Overdrive 50th Anniversary

Lucinda Coulter | April 03, 2011

Radio Nights

Disc jockeys have entertained, informed and consoled truckers on lonely long-haul runs.


In the late 1960s and early ’70s, disc jockeys started a culture over nighttime airwaves that has enriched generations of truckers. Since then, truckers have enjoyed announcers’ robust, velvet voices, their passionate news reporting and, typically, country music formats.

Announcers such as Fred Sanders, with WMAQ in Chicago, and Don Hinson and Larry Scott, with KLAC in Los Angeles, became truckers’ advocates. Many of these radio personalities began to appear at industry events to meet their listeners and do remote broadcasts, a practice that continues today.

Overdrive has sponsored a radio hour with country music continuously since 1989. One of the first, in 1973, featured KLAC’s Scott. Since 2002, radio and music legend Bill Mack has hosted Overdrive Top Ten Countdown weekly.

While trucking DJs continue to use traditional air waves, some have turned to satellite radio to reach listeners on channels devoted to trucking. Mack, known for years as the Midnight Cowboy, now goes by Satellite Cowboy for his broadcast on SiriusXM Satellite Radio.

Bill Mack started his all-night radio show in Fort Worth, Texas, in 1969 with news, weather and country music. Growing up among truckers in Shamrock, Texas, near Route 66, made it natural for him to be tuned in to truckers’ needs. His songwriting talent, evidenced best by his 1996 Grammy Award winner “Blue,” has helped maintained his popularity. He broadcasts his trucking show from his home in Fort Worth on SiriusXM Satellite Radio.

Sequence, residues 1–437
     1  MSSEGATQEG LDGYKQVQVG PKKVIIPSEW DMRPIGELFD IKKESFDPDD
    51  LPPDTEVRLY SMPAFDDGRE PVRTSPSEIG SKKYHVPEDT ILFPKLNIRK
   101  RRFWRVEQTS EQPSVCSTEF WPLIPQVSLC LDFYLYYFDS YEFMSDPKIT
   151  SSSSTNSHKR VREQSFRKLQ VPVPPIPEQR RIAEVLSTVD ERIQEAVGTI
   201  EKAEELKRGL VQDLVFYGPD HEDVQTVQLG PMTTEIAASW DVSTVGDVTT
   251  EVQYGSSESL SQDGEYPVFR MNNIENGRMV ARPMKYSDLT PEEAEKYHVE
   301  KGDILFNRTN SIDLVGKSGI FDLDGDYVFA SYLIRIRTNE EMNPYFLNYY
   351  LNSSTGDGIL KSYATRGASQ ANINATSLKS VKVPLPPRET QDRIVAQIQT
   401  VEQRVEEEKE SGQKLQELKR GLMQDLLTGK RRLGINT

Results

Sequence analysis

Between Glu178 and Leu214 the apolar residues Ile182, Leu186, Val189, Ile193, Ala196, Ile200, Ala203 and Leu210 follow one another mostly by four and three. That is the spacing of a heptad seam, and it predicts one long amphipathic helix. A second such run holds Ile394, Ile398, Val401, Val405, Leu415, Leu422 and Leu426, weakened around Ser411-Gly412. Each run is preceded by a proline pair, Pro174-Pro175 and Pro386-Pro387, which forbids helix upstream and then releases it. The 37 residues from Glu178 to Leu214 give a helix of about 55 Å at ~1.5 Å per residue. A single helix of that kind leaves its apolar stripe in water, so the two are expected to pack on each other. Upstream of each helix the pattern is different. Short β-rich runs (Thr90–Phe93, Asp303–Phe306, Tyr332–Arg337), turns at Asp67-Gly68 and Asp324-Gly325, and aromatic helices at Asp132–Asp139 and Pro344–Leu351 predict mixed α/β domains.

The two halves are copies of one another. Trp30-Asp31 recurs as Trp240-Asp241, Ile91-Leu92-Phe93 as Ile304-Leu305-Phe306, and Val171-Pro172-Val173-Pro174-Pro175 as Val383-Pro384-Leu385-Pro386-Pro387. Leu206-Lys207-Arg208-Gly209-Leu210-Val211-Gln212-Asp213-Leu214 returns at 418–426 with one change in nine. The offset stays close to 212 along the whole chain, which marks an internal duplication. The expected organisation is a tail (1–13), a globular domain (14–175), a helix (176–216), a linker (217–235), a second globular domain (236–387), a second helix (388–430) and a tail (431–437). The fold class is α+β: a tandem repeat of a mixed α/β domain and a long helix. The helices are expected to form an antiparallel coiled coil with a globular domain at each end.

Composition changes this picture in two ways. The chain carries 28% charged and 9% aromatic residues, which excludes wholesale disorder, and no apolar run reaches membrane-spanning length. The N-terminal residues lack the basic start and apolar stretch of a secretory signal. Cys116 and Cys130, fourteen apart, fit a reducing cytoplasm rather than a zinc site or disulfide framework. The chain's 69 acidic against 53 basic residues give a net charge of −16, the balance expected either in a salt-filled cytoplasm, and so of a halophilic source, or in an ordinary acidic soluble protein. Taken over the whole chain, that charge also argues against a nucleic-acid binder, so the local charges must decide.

With radio’s online expansion, some Internet-based talk shows hosted by D.J.-drivers have developed. For example, Allen Smith hosts “Truth About Trucking Live” on BlogTalkRadio.com.

Longtime DJ Larry Scott, an all-night country music show host on Los Angeles’ KLAC in the ’70s, rode with D&D Distributing driver Jack Killyer on a round-trip haul, as reported in the March 1973 Overdrive. Afterward, Scott realized he needed to give “more comprehensive nationwide weather forecasts” on his broadcasts.

Fred Sanders hosted the Fred Sanders Trucker Show on WMAQ- AM in Chicago from 1975 to 1988. The May 1979 Overdrive shows him (top) at a meeting of the Independent Truckers Association, which held fund-raisers for truckers. Sanders recalls covering steel haulers’ shut-downs in the mid-’70s. “We wanted to be a business source for truckers. We were big on news,” says Sanders, now (bottom) creative director for Entercom in South Carolina.







1961: Cummins NH 220

By John Baxter

The 1961 Cummins NH 230 855-cubic-inch diesel engine achieved major advances in basic design by introducing stronger internal components and improvements in engine cooling and the oil cooler. The transition from a 5.25-in. bore to a 5.5-in. with the NH 230 improved breathing, increasing horsepower, and dropping fuel consumption significantly, partly by putting the sweet spot in the center of the operating range.

This turbocharged NTC 250 evolved from the NH.

Clessie Cummins described the predecessor engine, the H, as “Hell for strong,” noting it “comprised a lot of reserve built into the engine.” He wanted a strong engine design that would survive as power was increased, and he designed the block with reserve strength because he believed diesels should be completely rebuildable, as they are today.

This engine is closer to the typical engine of today, prior to common-rail injection, than any other engine of its time.

50 Years of Equipment Innovations

Visit OverdriveRetro.com to view some of the top 50 equipment milestones during Overdrive’s 50-year history. New items will be added through September.

Let us know your favorite trucking memories. Write Lucinda Coulter at lcoulter@rrpub.com or Overdrive, P.O. Box 3187, Tuscaloosa, AL 35403.


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